As the name suggests, birth control or also familiar called ‘contraception’ is a method that purposed to prevent pregnancy. When you are on the pill, you can still have periods each month but your ovulation is modified so thus there is small chance for pregnancy. What else you need to know, especially about late (delayed) period on birth control? The following are some helpful FAQs.
As well we know that late period is one of the most common early pregnancy symptoms. And if you notice it when you are on the pills, you may suppose that you are pregnant. Pregnancy is not the single answer for this case. There are also other factors that may cause late menstruation on birth control.
Regardless pregnancy, the following are other factor that can cause delayed period on birth control:
- Certain conditions that affect the length of your ovulation. These may include having excessively physical activity, your weight that changes suddenly, taking certain medications, illness, elevated emotional stress, etc. These conditions can cause a lack of ovulation – when you don’t get your ovulation, there is no adequate hormone to trigger luteal phase (the phase between ovulation to the next period) which then you are more likely to have no late period.
- Depending on the type of your birth control, you may miss certain procedure to have bleeding every month. For instance, some traditional birth control pills usually use inactive (placebo) pills along with the active pills. These placebo pills are usually prescribed to be taken for the last seven days of your period cycle. If you skip your placebo pills, you may not notice any bleeding in the end of your cycle.
- Miscalculation! Not all women have regular period. If you have irregular period before using any birth control methods, you may have miscalculation of dates.
In addition, some women who have been continuously using birth control for a long time report that they also experience delayed /late period for once in a while. Furthermore, if you are over 38 of age you are getting closer to your menopause and it also can lead to lack of ovulation.
It is important to make sure that your missed period is normal. If your late period is also followed with unusual symptoms or if you in doubt to your condition, see your doctor promptly to find more advice! Below are some helpful checklists:
- If you have 1 missed-period but yet have no other pregnancy symptoms, and you also never skip any pills – you are very unlikely pregnant. See also some early pregnancy signs in the previous post in here! However if you worry to your condition, call your doctor for more advice! Don’t forget to start the next package of your birth control pills at the regular time!
- How about if you have 2 missed-periods in a row? For this case, do a home pregnancy test for the clearly answer! You should not be pregnant if you take your pills properly. Discuss more with your doctor for more detailed information about your test results and the next steps you should follow!
- If you have a missed period, and you think that you ever forgot one /even more pills, do a home pregnancy test immediately! For this case, call your doctor to discuss more about your test result. If you find that the result of test is positive, you need to stop using any birth control options (including your pills). If you deliberately keep taking your pills when you are truly pregnant, there may be a chance for your pills to affect the growth of your baby.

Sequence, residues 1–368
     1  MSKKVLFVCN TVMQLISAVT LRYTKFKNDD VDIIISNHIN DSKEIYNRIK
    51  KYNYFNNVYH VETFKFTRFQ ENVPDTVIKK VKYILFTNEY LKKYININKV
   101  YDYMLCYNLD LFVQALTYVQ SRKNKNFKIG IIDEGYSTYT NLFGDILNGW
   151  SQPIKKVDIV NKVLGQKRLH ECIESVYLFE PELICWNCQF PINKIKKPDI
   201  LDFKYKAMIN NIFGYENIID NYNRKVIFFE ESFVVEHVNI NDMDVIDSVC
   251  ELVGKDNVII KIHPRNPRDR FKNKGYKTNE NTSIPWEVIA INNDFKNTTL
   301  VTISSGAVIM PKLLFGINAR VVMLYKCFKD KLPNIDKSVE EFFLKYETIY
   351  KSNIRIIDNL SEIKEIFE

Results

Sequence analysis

You may doubt whether your home pregnancy test will work accurately to detect your pregnancy while you are on the pills. But you should not worry; the standard home pregnancy test is also usually designed for several different cases.
In other words, it does work to give the accurate results. However, like when you are not on the pills – the time when you do the test is also crucial.
In general, most of home pregnancy test kits work by analyzing the specific hormones associated with pregnancy (particularly such as hCH / human chorionic gonadotropin). And in fact, most of birth control pills usually don’t directly affect the level of these hormones. The elevated pregnancy-related hormones occur due to the pregnancy itself to prepare the growth of fetus!
You may have a condition called post-pill amenorrhea if you don’t have any period after stopping your pills for several months. In general, birth control pills can restrict /prevent the production of hormones associated with menstruation /ovulation. Therefore, your body may need several months to restore your normal condition in producing these hormones.
In many cases, women usually will get back their normal periods for about 3 months after stopping their pills. However, there are also some women who require many months to regain their normal period – particularly for those who use the pills to control the cycles of their menstruation.
If you still don’ get your period after 3 months, don’t forget also to do a home pregnancy test in order to ensure that you are not pregnant – and then call your doctor for more advice.
After stopping your pills, you need to get back your normal ovulation to get pregnant. And once it occurs, there is a chance for you to get conceive.
So, the question is how soon you get your ovulation after stopping the pills? The answer varies from person to person, but you may get about 2-week delay before you get back your ovulation. In other words, you normal menstruation may occur about 4-6 weeks after your last pill.
Should you wait for a few months before trying to conceive? Is there an advantage from this idea? Yes, it is much better to do it because you can plan your pregnancy better.